FGEX 50220 was donated to our museum by the Fruit Growers Express company. It was their support car in Niagara Food Terminal in Buffalo. The car was acquired to expand our freight car collection to give us a representative wood sided car that was typical of the kind that were manufactured in East Rochester by Despatch Shops. It has had some stabilization work performed and a coat of primer applied. It is currently used for storage.
From the California State Railroad Museum:
Experiments with refrigerator cars began in the 1860s and by 1872 meat was being shipped successfully within the Eastern states. By 1887 wholesale meat shipping was reliable enough to allow Midwestern cities such as Chicago and Kansas City to become national meat packing centers. The idea of shipping fruit and vegetables as well as meat, quickly caught on. In 1887 there were 2,200 shipments of citrus from California and by 1893 that number had more than doubled. California growers were no longer restricted to local markets and, as a result, the agricultural industry expanded until California became the number one farm state in America. In 1924 there were more than 150,000 similar cars were in service.
Refrigerator cars could not operate efficiently without an elaborate support system. Icing stations had to be located at regular intervals, railroad scheduling had to be reliable so that trains would reach the icing stations before the ice melted, and a dependable marketing system had to be in operation so that the most perishable produce would not rot on the loading docks.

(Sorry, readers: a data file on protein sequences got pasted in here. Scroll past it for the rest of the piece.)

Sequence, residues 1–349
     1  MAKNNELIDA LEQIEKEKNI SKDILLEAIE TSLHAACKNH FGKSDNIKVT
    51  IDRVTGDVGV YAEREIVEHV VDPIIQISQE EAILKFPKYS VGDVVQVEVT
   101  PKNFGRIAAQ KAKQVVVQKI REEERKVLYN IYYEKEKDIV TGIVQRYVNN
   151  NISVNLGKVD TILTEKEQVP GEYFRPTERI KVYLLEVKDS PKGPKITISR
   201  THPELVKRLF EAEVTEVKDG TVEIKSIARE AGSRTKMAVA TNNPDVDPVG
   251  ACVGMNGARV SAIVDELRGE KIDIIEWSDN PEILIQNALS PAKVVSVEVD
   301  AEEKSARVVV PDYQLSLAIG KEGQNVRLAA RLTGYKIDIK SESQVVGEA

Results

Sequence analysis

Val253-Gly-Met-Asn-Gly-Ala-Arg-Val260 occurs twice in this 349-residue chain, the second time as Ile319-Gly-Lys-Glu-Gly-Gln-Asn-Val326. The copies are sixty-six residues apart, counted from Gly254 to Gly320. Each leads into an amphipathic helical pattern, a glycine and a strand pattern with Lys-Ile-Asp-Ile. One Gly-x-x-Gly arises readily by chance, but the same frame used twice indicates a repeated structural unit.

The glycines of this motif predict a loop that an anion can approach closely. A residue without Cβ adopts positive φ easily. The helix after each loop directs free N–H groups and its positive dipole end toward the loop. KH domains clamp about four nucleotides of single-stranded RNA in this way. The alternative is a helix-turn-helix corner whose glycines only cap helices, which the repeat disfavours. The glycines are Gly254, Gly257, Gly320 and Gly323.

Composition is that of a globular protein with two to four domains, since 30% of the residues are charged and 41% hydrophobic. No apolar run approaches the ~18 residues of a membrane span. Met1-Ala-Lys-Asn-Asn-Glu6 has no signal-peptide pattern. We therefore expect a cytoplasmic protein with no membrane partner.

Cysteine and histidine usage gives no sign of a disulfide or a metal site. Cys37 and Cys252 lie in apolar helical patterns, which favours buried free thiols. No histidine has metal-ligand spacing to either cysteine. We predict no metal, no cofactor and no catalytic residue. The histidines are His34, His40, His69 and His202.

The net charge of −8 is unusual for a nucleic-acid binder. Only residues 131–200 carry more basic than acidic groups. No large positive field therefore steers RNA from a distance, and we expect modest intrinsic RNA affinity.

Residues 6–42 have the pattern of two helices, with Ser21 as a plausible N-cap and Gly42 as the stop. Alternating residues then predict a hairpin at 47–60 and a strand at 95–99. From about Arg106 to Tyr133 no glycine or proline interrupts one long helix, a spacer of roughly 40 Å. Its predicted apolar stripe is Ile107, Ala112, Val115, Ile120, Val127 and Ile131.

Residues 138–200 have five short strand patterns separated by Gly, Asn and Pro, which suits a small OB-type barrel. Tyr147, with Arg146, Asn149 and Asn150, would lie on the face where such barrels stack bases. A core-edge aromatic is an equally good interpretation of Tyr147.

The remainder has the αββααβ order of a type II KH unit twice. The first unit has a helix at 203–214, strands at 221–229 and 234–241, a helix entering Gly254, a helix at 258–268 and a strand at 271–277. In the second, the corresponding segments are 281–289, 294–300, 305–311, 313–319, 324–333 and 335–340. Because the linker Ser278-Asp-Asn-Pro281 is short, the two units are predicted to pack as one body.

Most railroads were slow to recognize the significant profit to be made with refrigerator cars. Initially, private companies owned the reefers and contracted with the railroads to haul them, operating "fruit blocks," special trains consisting entirely of refrigerator cars carrying perishables. These trains were given priority over most other traffic. Eventually most railroads purchased their own refrigerator cars or formed refrigerator car subsidiaries with other railroads.
The most successful private refrigerator car company was the Armour Car Lines, including its subsidiary, the Fruit Growers Express. Success led to downfall, for in 1919 the Federal Trade Commission ordered the sale of the produce hauling subsidiary for anti-trust reasons. A group of eastern and southern railroads formed a new Fruit Growers Express Company in 1920 to take over the operations. By 1926 FGE had expanded service into the Pacific Northwest and the Midwest through its partly owned cooperating subsidiaries, Western Fruit Express and Burlington Fruit Express.
- Built 1920s
- Awaiting evaluation for future use